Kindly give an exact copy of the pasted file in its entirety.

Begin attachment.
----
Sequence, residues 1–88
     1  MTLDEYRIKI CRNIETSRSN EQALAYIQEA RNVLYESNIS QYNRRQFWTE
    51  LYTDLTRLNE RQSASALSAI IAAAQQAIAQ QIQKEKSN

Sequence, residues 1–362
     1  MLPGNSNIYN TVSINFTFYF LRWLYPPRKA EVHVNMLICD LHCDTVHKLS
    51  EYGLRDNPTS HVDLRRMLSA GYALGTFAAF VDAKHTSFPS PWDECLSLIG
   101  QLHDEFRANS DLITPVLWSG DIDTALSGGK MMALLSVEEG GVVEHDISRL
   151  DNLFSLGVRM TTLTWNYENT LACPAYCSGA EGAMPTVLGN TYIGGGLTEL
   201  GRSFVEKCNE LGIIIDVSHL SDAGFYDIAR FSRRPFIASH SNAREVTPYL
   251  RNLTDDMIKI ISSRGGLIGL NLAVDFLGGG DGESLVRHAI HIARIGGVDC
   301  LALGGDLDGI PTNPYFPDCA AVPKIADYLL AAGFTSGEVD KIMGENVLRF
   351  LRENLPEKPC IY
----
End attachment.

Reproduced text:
Sequence, residues 1–88
     1  MTLDEYRIKI CRNIETSRSN EQALAYIQEA RNVLYESNIS QYNRRQFWTE
    51  LYTDLTRLNE RQSASALSAI IAAAQQAIAQ QIQKEKSN

Sequence, residues 1–362
     1  MLPGNSNIYN TVSINFTFYF LRWLYPPRKA EVHVNMLICD LHCDTVHKLS
    51  EYGLRDNPTS HVDLRRMLSA GYALGTFAAF VDAKHTSFPS PWDECLSLIG
   101  QLHDEFRANS DLITPVLWSG DIDTALSGGK MMALLSVEEG GVVEHDISRL
   151  DNLFSLGVRM TTLTWNYENT LACPAYCSGA EGAMPTVLGN TYIGGGLTEL
   201  GRSFVEKCNE LGIIIDVSHL SDAGFYDIAR FSRRPFIASH SNAREVTPYL
   251  RNLTDDMIKI ISSRGGLIGL NLAVDFLGGG DGESLVRHAI HIARIGGVDC
   301  LALGGDLDGI PTNPYFPDCA AVPKIADYLL AAGFTSGEVD KIMGENVLRF
   351  LRENLPEKPC IY